"Hydrate" is a term used in inorganic chemistry and organic chemistry to indicate that a substance contains loosely bonded water.
The name of a hydrate follows a set pattern: the name of the ionic compound followed by a numerical prefix and the suffix "-hydrate."
For example, CuSO4 · 5 H2O is "copper(II) sulfate pentahydrate."
The notation of hydrous compound · nH2O, where n is the number of water molecules per formula unit of the salt, is commonly used to show that a salt is hydrated.
A hydrate that has lost water is referred to as an anhydride. An anhydride can normally lose water only with significant heating. A substance that no longer contains any water is referred to as anhydrous.
In organic chemistry, hydrates tend to be rarer. An organic hydrate is a compound formed by the addition of water or its elements to another molecule. For example, ethanol, CH3–CH2–OH, can be considered a hydrate of ethene, CH2=CH2, formed by the addition of H to one C and OH to the other C. Another example is chloral hydrate, CCl3–CH(OH)2, which can be formed by the reaction of water with chloral, CCl3–CH=O.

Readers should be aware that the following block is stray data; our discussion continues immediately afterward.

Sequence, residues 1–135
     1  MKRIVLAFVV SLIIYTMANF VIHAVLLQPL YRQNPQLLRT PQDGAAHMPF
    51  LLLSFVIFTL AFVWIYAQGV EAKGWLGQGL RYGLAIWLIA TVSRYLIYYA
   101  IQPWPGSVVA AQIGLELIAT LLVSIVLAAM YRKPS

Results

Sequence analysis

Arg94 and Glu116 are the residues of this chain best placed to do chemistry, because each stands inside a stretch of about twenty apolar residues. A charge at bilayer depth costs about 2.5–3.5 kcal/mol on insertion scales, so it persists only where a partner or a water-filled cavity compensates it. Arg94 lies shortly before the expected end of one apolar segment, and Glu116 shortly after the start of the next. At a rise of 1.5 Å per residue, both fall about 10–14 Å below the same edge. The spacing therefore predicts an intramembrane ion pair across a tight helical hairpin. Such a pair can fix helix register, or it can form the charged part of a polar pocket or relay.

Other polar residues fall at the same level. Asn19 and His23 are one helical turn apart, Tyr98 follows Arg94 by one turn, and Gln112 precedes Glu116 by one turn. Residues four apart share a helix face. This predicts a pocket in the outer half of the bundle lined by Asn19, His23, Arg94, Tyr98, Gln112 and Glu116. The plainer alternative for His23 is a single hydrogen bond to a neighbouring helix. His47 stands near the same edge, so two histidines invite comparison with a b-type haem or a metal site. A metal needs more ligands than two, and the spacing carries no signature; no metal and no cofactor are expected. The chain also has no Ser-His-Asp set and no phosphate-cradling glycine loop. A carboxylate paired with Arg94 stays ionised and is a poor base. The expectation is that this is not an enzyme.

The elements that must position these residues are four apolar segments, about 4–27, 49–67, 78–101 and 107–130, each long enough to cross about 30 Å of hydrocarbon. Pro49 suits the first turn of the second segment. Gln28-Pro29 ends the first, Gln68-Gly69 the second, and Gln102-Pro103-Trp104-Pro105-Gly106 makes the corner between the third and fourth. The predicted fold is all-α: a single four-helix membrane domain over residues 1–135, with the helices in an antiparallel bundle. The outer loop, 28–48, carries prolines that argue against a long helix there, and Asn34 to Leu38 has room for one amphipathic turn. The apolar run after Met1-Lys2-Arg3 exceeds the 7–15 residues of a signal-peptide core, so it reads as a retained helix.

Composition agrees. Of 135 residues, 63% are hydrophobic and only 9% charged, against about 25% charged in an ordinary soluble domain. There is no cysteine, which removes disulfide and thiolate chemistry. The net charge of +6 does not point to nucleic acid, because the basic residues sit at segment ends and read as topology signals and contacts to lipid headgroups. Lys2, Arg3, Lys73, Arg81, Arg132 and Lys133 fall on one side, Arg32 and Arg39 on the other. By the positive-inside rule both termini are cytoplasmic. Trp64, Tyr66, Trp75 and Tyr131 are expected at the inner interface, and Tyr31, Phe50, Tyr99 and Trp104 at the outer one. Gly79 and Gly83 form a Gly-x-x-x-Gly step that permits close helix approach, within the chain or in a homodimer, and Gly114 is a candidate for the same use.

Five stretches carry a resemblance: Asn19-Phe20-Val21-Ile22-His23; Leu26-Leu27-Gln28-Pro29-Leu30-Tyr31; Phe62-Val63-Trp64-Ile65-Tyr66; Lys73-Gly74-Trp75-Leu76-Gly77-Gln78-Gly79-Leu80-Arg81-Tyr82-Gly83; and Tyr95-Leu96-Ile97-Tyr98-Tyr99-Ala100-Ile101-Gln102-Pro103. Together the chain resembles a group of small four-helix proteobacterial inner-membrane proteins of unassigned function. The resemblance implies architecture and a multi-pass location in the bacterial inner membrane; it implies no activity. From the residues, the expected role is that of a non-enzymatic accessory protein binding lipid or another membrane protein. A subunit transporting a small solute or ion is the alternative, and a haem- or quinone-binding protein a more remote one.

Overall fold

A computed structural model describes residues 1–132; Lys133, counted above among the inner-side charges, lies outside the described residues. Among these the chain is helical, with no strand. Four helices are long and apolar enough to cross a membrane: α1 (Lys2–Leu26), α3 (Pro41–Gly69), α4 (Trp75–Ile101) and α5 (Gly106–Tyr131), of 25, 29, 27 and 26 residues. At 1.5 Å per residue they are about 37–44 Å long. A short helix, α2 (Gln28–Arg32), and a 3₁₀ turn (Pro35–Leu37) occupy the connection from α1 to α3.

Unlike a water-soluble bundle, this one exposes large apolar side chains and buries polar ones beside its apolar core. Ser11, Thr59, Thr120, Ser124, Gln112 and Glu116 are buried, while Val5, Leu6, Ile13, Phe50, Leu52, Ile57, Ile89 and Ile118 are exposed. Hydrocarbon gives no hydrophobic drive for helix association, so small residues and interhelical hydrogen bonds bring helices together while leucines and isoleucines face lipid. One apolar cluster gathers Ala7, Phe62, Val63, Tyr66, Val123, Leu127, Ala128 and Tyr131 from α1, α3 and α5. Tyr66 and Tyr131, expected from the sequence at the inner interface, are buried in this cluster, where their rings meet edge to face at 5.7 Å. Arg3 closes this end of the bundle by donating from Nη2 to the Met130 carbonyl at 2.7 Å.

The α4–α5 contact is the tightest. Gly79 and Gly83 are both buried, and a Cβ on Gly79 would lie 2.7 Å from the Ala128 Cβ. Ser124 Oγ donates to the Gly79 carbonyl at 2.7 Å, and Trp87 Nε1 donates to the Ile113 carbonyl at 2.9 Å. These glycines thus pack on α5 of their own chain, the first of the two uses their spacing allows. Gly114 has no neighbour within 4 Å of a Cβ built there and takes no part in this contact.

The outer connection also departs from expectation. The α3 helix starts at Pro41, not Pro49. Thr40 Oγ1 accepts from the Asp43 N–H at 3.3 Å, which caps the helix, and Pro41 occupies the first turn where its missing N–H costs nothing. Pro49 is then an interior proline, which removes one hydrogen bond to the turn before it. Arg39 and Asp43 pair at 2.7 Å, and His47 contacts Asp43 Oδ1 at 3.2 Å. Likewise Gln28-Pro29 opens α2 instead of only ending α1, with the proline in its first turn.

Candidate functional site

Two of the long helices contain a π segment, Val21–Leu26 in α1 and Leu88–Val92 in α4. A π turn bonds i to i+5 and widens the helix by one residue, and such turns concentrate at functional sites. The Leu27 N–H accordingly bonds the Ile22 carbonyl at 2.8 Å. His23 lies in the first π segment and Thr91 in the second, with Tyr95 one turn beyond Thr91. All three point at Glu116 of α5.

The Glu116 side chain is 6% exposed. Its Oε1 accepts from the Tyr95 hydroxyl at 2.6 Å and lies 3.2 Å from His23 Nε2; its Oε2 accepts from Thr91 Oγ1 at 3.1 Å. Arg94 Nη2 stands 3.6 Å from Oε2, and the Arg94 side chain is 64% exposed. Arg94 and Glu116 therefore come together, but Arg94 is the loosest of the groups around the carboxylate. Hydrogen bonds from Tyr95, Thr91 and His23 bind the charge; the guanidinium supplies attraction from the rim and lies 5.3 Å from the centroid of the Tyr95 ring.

Molecules have been labeled as hydrates for historical reasons. Glucose, C6H12O6, was originally thought of as C6(H2O)6 and was described as a carbohydrate, but this is a very poor description of its structure given what is known about it today. Methanol is often sold as "methyl hydrate," implying the incorrect formula CH3OH2. The correct formula is CH3–OH.